Scientists see progress on a methamphetamine vaccine
By Lynne Friedmann
Meth poses a problem for vaccine development in that the methamphetamine molecule is structurally simple, making it relatively unnoticeable to the immune system. TSRI researchers are getting around this by linking a chemical similar to the methamphetamine molecule to a larger carrier molecule in order to produce the desired antibody response. Vaccinated animals that received the experimental vaccine were largely protected from typical signs of meth intoxication.
— The findings are scheduled for publication in the journal Biological Psychiatry. News release at https://bit.ly/SK8NjW
How intellect and behavior emerge during childhood
Scientists from the Florida campus of The Scripps Research Institute (TSRI) have shown that a single protein plays an oversized role in intellectual and behavioral development. Furthermore, mutations in the gene that encodes this protein severely disrupt the organization of developing brain circuits during early childhood leading to intellectual disabilities.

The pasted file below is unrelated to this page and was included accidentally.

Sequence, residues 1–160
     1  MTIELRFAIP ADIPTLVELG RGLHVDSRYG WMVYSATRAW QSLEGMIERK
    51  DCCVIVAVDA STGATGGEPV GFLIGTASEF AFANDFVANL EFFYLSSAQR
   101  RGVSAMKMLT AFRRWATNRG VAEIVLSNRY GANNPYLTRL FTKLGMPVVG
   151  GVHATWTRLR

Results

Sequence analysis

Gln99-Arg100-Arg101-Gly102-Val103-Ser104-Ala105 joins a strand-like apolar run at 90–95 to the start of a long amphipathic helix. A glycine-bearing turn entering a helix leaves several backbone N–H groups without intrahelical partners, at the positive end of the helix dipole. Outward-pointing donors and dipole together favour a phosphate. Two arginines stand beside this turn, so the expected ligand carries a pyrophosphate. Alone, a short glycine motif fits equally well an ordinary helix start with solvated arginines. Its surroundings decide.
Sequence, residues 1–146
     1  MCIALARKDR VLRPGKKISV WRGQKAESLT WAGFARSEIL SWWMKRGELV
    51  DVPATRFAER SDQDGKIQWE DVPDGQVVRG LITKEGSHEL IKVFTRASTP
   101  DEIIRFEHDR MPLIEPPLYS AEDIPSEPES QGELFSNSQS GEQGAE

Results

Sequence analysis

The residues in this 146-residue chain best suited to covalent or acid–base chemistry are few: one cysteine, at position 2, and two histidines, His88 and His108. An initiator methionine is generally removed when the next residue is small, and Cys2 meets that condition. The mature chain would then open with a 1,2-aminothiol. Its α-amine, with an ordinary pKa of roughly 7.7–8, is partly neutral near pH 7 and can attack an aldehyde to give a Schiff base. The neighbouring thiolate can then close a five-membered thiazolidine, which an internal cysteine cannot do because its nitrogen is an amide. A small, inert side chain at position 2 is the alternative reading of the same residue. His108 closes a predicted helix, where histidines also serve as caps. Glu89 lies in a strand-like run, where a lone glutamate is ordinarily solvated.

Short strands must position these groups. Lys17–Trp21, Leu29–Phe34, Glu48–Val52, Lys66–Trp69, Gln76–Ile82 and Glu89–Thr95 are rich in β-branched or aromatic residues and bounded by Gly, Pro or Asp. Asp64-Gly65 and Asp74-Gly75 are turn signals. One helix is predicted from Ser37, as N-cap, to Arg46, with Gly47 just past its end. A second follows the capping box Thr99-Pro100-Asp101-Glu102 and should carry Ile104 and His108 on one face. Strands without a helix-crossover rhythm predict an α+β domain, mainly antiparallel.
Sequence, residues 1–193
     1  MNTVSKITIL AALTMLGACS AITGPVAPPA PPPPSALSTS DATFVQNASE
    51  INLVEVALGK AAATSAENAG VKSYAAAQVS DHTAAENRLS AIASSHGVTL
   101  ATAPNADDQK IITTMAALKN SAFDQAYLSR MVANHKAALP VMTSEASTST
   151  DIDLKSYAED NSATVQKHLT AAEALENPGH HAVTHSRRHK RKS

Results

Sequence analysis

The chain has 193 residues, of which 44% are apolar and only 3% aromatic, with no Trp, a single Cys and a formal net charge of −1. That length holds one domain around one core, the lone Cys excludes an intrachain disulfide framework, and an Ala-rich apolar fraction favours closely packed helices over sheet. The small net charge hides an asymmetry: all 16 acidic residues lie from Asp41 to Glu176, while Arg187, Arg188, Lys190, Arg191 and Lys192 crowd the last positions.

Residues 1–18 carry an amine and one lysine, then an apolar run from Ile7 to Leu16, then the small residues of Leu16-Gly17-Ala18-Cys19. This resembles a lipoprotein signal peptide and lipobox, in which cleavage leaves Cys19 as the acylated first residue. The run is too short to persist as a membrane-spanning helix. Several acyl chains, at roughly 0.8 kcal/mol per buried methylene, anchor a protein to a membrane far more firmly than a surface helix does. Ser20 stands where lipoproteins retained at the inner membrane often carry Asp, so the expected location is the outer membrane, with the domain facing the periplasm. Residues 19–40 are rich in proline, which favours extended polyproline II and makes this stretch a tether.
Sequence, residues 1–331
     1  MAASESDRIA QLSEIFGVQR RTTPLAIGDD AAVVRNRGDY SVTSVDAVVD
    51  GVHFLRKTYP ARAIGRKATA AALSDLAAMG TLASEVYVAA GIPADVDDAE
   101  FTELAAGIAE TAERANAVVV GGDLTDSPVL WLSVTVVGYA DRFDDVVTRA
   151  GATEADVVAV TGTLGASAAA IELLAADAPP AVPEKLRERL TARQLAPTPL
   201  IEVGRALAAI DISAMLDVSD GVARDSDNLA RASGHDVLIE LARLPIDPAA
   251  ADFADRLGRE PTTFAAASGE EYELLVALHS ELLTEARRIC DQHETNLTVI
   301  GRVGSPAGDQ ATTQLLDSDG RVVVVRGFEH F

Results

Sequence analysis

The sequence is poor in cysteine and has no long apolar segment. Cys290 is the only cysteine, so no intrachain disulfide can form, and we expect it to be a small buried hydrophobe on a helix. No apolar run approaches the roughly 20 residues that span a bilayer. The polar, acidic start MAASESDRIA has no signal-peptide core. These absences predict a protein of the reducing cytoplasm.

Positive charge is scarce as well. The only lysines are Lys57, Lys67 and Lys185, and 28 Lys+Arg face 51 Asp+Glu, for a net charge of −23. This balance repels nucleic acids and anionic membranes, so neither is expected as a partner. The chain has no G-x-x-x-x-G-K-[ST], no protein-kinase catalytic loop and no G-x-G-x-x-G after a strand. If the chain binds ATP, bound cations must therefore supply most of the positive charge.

The study focused on a critical synaptic protein known as SynGAP1. Using animal models that were missing just one copy of SynGAP1, researchers found that certain synapses develop prematurely in the period shortly after birth. This dramatically enhances what is known as “excitability” — how often brain cells fire — in the developing hippocampus, a part of the brain critical for memory. The balance between excitability and inhibition is especially critical during early developmental periods, when neural connections that ultimately give rise to normal cognitive and behavioral functions are forming.
Until this study, it was unclear precisely how pathogenic genetic mutations and synapse function were related to the failure to develop normal intellect.
— News release at https://bit.ly/TxTFon
Lynne Friedmann is a science writer based in Solana Beach.